…sells itself as aiming to “simulate a complete human brain in a supercomputer” but this is clearly bollocks.
It’s interesting that this claim makes the press kit and the flashy video but the actual report (pdf) has much more sober claims about ‘simulating brain dynamics’ and the like.
But it’s important to realise that while their big sell is nonsense, the project is likely to genuinely revolutionise neuroscience in a way that could push the field light years ahead.
What Markram has realised is that the single biggest barrier to progress in neuroscience is the co-ordination, sharing and integration of data.
Essentially, it’s a problem of information architecture but quite frankly, you can’t sell that to politicians and they can’t sell it to the public. Hence the ‘simulating a complete human brain’ fluff.
What the project aims to do is co-ordinate neuroscience teams looking at neurobiology, cognitive neuroscience and computational modelling and give them the tools to easily share data with each other.
One of the big pay-offs will genuinely be the creation of biologically feasible computer simulations of neural networks with the hope that these can be used for practical applications like virtual drug testing and computer-based experiments.
Markram has gained valuable experience of meshing heavy-duty computing with working lab teams and has recruited some of the world’s leading neuroscientists to the project.
Although the spin seems over-the-top scientifically this is an important project that, if successful, could be a scientific landmark.
The web is a perfect example of what engineer and early computer scientist Vannevar Bush called “intelligence augmentation” by computers, in his 1945 article “As We May Think” in The Atlantic. He described a future in which human ability to follow an associative knowledge trail would be enabled by a device he called “the memex”. This would improve on human memory in the precision of its recall. Google is today’s ultimate memex.
The web also demonstrates what JCR Licklider, another early computer visionary, called “man-machine symbiosis”. Humans create the documents that make up the web and provide the associative links between them. Search engines follow our breadcrumb trail, evaluate the strongest paths, and lead others to what has been found. When the algorithms for finding the “right” documents improve, we all get smarter; when spammers or other malware lead the algorithms astray, we all get dumber.
Man-machine symbiosis isn’t just about knowledge retrieval, it’s also about knowledge creation. Our computers have no intelligence without us, but they accelerate our collective intelligence at a speed that has never been seen before.
social evolution: the ritual animal by dan jones
…neighbourhood friends formed small groups comprising “the number of people you could fit in a car”. Later, fighters began living together in groups of 25 – 40 in disused buildings and the mansions of rich supporters. Finally, after Gaddafi’s forces were pushed out of Misrata, much larger and hierarchically organized brigades emerged that patrolled long stretches of the defensive border of the city. There was even a Misratan Union of Revolutionaries, which by November 2011 had registered 236 rebel brigades.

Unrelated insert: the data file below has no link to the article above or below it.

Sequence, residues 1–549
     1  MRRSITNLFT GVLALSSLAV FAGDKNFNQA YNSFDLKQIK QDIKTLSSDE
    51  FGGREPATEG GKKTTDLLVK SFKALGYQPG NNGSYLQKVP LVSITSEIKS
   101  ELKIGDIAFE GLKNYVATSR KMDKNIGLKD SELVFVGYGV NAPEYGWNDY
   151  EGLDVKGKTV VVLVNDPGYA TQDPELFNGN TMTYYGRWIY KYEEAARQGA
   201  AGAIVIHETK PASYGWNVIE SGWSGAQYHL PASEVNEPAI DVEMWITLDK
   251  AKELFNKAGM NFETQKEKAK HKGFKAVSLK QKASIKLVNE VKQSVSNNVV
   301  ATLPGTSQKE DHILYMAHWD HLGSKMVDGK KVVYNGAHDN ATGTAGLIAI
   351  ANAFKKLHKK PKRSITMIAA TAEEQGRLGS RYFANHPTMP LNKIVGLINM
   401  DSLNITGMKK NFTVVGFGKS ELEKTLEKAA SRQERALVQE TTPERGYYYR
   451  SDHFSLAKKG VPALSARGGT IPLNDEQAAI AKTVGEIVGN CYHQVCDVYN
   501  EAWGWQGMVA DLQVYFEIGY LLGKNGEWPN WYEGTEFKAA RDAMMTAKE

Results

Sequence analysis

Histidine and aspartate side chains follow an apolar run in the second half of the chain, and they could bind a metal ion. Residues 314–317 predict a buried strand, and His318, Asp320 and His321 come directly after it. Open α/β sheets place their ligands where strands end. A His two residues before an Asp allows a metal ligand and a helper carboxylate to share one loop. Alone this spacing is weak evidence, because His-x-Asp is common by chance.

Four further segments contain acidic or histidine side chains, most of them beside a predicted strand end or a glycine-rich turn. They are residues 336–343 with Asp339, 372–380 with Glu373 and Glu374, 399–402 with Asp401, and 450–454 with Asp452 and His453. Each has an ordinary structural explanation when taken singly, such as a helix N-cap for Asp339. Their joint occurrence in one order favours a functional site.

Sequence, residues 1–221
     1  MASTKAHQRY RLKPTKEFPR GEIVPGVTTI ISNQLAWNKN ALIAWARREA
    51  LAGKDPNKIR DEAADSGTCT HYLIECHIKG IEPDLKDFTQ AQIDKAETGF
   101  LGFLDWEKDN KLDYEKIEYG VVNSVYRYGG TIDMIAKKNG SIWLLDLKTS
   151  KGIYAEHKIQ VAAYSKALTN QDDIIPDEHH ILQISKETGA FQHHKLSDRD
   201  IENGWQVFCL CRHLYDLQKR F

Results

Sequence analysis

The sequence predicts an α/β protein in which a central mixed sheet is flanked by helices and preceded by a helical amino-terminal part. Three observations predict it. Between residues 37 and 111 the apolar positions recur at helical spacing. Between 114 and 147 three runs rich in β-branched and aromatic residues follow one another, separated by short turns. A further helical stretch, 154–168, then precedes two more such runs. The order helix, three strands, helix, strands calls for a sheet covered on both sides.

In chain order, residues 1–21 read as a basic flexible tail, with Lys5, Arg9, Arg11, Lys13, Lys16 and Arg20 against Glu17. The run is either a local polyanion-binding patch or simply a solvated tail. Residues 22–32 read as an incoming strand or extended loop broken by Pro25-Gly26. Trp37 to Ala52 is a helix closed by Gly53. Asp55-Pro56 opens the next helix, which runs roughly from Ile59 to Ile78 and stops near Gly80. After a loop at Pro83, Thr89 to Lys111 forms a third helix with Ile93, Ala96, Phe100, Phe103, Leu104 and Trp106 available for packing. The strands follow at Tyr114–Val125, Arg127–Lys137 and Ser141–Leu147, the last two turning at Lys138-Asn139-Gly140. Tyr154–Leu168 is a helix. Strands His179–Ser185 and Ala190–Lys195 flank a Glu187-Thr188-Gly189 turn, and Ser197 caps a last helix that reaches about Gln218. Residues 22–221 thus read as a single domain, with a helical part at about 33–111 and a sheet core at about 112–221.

McQuinn interviewed more than 300 fighters from 21 of these rebel groups, which varied in size from 12 to just over 1,000 members2. He found that the early, smaller brigades tended to form around pre-existing personal ties, and became more cohesive and the members more committed to each other as they collectively experienced the fear and excitement of fighting a civil war on the streets of Misrata.
But six of the groups evolved into super-brigades of more than 750 fighters, becoming “something more like a corporate entity with their own organizational rituals”, says McQuinn. A number of the group leaders had run successful businesses, and would bring everyone together each day for collective training, briefings and to reiterate their moral codes of conduct — the kinds of routine group activities characteristic of the doctrinal mode. “These daily practices moved people from being ‘our little group’ to ‘everyone training here is part of our group’,” says McQuinn.
painting by joe dragt
I have been reading about the Brain Preservation Foundation (BPF), which hopes that chemical and other methods, including a refined version of plastination, will enable brains to be preserved with such fidelity that memories, personality, and even identity can be preserved.
This may well seem reminiscent of the older cryogenic preservation projects which have not always had a good press over recent years, though they still continue to operate and indeed have refined their processes somewhat. But although the BPF also has a vision of bringing people back to life after their natural death, it is in many ways a different kettle of fish. It does not itself offer any kind of service but merely seeks to promote research, and it does not expect to see a practical system for many years. In addition, it makes its case and addresses objections in a commendably clear and thoughtful way – see for example this blog post by John M Smart, co-founder of the BPF. Perhaps this is partly also to do with its impressive panel of advisors, which includes such names as Chalmers, Seung, and Eagleman, to mention only a few.
I have some reservations about the project, which fall into several categories; there are general concerns about the practicality of preservation, doubts about personal identity, and doubts about the claimed social value of letting people have a prolonged or renewed life; but there are positive factors, too.